ness each with 14 points.
"We play to get better every
day," said Huband. "We have a
bunch of league games ahead of
us where we want to do that and
we have to be the best we can be
come the middle of February and
hopefully into March."
With less than a month until
the playoffs begin, it is looking
like these two teams will tip off in
the first round with UBC having
home court advantage for all three
games. The T-Birds' next games
will be a two-game series against
Trinity Western in Langley next
Friday and Saturday evening, vl
Dyck returns from injury
to lead team past Vikes
Mens B-ball claims top spot once again in
division, possibly home court advantage in
divisional finals
FRIDAY
by Justin McElroy
Sports Writer
Itwas the biggest game ofthe regular season, and Chris Dyck showed
up to play despite the tendonitis in
his knee that had kept him sidelined for much of the past three
games. He played almost the whole
game, providing some necessary
leadership to give the T-Birds a 79-
76 win over the Vikes Friday night
at McKinnon Gym in Victoria.
Facing a tenacious UVic squad
in front of a screaming, standing-
room only crowd, the T-Birds managed to regain their lead at the top
ofthe Pacific Division, climbing to
a 14-4 record. The series tie-breaking win also ensures that, should
UVic and UBC be tied at the end of
the regular season, UBC will retain
home-court advantage if they meet
in the divisional finals.
"I'm just really excited that we
played as a team, for the first time
in a while," said head coach Kevin
Hanson. "I thought we passed the
ball well, I thought we defended
well."
It didn't take long for the 2200
raucous UVic fans to get into the
game, as a quick 6-2 run to start
sent the fans into a standing,
stomping frenzy. UBC rebounded
quickly however, and the first half
was a contentious affair, one that
saw the Thunderbirds and Vikes
trade leads continually throughout.
With two minutes to go in the half
and UBC down by one, the T-Birds
went on a 9-3 run, punctuated by a
long three-pointer by Dyck, silencing the crowd and giving UBC a
3 8-3 2 lead, one which they would
never relinquish.
But the story of the game was
the return of sharpshooting guard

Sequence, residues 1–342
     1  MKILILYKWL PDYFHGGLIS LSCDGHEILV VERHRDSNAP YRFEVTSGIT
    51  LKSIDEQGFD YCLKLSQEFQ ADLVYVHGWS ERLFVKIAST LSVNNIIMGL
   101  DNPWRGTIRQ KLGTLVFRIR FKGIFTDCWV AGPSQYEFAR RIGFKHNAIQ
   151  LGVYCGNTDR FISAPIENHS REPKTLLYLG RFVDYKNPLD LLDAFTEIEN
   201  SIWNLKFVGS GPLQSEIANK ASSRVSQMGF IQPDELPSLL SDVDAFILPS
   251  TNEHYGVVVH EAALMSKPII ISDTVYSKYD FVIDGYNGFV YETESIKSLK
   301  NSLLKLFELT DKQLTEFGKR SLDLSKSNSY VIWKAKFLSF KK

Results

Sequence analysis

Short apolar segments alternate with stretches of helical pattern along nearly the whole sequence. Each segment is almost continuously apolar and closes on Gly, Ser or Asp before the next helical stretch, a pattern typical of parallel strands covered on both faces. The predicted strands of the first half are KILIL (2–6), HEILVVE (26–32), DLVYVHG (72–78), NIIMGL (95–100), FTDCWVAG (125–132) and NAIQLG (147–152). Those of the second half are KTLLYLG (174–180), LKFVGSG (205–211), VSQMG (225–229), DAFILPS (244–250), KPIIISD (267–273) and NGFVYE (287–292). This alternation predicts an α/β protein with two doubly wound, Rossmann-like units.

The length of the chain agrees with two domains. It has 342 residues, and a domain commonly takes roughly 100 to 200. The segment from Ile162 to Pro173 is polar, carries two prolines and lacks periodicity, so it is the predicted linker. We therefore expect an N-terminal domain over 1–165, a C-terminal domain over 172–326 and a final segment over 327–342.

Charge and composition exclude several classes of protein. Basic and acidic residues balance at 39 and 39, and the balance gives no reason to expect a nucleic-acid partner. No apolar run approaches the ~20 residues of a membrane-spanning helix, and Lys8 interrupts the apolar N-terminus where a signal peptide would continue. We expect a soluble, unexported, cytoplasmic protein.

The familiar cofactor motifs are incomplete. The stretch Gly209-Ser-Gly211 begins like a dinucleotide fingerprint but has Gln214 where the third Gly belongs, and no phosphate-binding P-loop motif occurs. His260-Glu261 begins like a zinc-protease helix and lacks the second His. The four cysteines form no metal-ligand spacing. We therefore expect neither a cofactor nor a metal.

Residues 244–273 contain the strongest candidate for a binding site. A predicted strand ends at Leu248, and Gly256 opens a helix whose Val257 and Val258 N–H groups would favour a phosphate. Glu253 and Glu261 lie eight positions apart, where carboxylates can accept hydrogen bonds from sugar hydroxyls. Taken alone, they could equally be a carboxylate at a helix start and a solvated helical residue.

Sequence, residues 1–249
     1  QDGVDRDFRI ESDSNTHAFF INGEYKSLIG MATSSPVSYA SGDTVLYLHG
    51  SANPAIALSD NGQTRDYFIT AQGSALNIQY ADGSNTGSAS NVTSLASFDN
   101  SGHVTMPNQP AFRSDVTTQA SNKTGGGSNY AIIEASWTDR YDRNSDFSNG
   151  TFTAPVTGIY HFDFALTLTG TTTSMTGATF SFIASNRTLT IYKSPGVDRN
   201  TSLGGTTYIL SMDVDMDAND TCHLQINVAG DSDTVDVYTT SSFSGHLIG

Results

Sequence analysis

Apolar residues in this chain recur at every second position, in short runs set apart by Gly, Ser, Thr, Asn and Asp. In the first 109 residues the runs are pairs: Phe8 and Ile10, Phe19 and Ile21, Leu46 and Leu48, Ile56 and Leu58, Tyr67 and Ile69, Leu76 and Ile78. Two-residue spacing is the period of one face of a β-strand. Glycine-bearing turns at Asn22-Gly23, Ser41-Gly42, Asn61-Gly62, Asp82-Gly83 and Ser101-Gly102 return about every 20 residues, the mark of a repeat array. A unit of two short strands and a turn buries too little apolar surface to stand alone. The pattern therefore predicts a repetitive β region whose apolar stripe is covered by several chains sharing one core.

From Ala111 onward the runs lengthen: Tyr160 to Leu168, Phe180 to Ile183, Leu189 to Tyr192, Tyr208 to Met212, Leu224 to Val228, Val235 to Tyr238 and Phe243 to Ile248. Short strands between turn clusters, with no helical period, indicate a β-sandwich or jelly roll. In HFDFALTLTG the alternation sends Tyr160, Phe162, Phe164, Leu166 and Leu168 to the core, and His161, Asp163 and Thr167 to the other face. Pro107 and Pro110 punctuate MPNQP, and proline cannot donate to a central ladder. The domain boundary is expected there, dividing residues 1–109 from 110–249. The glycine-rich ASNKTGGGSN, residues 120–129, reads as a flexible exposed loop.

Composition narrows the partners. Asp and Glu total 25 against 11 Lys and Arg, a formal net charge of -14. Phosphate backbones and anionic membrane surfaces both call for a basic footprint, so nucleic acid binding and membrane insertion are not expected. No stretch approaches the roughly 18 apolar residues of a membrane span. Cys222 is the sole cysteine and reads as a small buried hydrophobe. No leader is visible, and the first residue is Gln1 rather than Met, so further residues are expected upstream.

Chris Dyck to the lineup. Dyck lit
up the scoreboard, pacing the
team with 25 points, making 9 of
19 shots.
It wasn't just his scoring that
made a big difference. Dyck's presence in the lineup and leadership
communicating on the court took
pressure off of his teammates.
His ability to evenly distribute the
ball led to a return of the deep,
balanced scoring that has been a
hallmark of the team this year.
While UBC led for the entire
second half, UVic would not go
away easily. Led by the play of
power forward Tyler Hass, who
paced UVic with 21 points and 6
rebounds, the Vikes kept the game
close, cutting the lead to two points
with 2:23 to go in the 4th quarter.
But it was one of the beneficiaries of Dyck's return, Kyle Watson,
who had 12 points and seven
rebounds, which sealed UBC's victory. His driving layup with just
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over a minute to go in the game extended the lead back to six points
and put a win out of reach for the
Vikes.
"The last couple we were really
lacking leadership on the court, so
I wanted to come back and verbally
communicate...and play more as a
team," said Dyck. "I didn't want
to come in and start shooting a
bunch of shots. I knew I would be
a bit rusty so I wanted to come in
and share the ball because I knew
I'm just really excited that
we played as a team, for
the first time in a while.
Kevin Hanson,
Men's Basketball head coach
they focus on me defensively so
my focus was to find those guys."
The win should restore UBC's
confidence, which had been sagging after a series of mediocre
games to start out 2008. Going
into Trinity Western this weekend,
the team is back to where it wants
to be, atop the Pacific Division, and
is looking forward to the playoffs,
which begin in just four short
weeks. \a
PHOTO COURTESY OF THE MARTLET
UBC's Bryson Kool, Matt Rachar,and an unknown player do their best to block
UVic's Rob Kinnear during a game at UVic over the weekend.   UBC won 79-76.